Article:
Sunday, May 31, 2009

Ovi store fizzles

Catching up on blogging.

On Tuesday, Nokia launched its Ovi Store to sell applications for S60 handsets. The store has direct operator billing in Europe, Russia, Singapore and Australia. Support for Ovi in the US (via AT&T) is due later this year.

Apparently the website was sluggish and hard to navigate (according to Symbian Watch and TechCrunch). The Register in the UK has been particularly merciless in pillorying the European cellphone giant. Writing on Wednesday:

Ovi is Nokia's answer to Apple's iTunes, offering a broader range of content to a broader range of handsets - or at least it would if it could stay up for more than five minutes and operated at a sensible speed when it was available
On Friday, longtime Psion and Symbian fan Andrew Orlowski wrote:
It must be frustrating to sketch out a long-term technology roadmap in great depth, and see it come to fruition... only to goof on your own execution. But to do so repeatedly - as Nokia has - points to something seriously wrong.

The launch was "an utter disaster" according to one blogger, or in a more measured assessment (from Ewan at All About Symbian), "rushed, early and not fit for public consumption". Nokia accepts second-best from Ovi, which apart from Maps is second-best in every category, the company all but admitted recently. But the Ovi application store deserves a Z-grade.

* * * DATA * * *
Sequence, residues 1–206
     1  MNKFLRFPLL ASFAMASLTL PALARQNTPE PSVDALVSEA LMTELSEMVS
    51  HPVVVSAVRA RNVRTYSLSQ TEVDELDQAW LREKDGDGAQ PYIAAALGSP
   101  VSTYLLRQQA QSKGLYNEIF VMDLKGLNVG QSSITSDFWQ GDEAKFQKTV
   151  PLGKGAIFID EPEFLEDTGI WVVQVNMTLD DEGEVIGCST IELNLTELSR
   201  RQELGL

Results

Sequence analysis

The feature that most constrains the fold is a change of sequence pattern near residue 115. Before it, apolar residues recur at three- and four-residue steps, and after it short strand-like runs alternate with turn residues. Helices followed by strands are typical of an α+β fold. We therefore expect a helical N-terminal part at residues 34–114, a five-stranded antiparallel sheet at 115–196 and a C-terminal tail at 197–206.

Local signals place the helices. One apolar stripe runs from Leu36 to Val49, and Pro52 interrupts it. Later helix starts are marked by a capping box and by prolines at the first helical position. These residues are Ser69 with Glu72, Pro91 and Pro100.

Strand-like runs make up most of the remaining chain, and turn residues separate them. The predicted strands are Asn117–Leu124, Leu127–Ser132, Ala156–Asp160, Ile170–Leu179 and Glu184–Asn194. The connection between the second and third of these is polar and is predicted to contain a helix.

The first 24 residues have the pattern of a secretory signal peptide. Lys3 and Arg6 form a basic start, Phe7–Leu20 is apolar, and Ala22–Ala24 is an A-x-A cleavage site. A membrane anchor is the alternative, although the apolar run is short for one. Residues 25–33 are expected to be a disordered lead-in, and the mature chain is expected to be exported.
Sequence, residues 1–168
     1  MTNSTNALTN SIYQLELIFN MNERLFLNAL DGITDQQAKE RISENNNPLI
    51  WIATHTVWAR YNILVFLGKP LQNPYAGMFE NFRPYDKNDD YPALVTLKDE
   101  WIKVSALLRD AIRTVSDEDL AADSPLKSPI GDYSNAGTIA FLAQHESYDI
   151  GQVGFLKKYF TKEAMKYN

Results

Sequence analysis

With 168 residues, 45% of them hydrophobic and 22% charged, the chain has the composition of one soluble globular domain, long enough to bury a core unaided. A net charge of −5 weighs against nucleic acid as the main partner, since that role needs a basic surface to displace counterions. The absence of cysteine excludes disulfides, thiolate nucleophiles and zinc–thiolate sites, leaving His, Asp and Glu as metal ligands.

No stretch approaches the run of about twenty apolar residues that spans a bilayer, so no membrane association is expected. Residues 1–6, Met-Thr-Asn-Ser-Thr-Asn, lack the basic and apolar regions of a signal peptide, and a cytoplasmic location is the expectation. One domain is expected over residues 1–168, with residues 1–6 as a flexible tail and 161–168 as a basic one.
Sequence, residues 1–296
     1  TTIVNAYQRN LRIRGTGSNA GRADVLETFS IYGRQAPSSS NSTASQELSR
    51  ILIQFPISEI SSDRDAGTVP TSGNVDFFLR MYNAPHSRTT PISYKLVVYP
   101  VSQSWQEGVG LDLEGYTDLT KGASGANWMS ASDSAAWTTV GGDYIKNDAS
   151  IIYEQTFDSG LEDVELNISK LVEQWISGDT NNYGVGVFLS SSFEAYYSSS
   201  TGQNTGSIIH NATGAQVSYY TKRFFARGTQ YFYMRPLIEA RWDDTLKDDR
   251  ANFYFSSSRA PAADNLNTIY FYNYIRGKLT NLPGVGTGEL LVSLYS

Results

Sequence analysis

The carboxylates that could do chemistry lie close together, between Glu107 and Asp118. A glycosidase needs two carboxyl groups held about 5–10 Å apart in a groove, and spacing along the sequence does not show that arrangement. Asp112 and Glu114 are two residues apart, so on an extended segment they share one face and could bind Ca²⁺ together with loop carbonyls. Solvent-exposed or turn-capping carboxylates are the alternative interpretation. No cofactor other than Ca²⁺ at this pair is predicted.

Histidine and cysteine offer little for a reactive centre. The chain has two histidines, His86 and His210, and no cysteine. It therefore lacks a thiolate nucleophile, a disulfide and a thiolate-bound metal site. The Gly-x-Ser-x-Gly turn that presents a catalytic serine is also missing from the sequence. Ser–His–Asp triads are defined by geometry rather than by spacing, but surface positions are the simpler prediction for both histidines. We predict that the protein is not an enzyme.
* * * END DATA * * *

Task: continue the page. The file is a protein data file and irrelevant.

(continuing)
It's now clear that it was simply too ambitious to roll out a store to so many territories and in particular, to so many device categories, in one Big Bang. The number of devices supported goes back six years - encompassing eight versions of Series 40 and three versions of S60.
Nokia is a company that sells more phones than anyone, manages high volume logistics, works with nearly every carrier in the world, designs complex infrastructure and fancies itself a services company rather than a mere maker of handsets. It is a complex operation, with 125,000 employees and revenues of $71 billion.

You would think that it would be a top priority to roll out its main consumer portal against rivals like RIM, Apple, Microsoft and Google. Shouldn’t a company with this sort of scale know whether or not its portal is going to work before it launches?

These sort of systems are hard to build. Perhaps Nokia should take a hint from Google and release everything as “beta” for a few years so that it can disclaim any responsibility for reliability or responsiveness.

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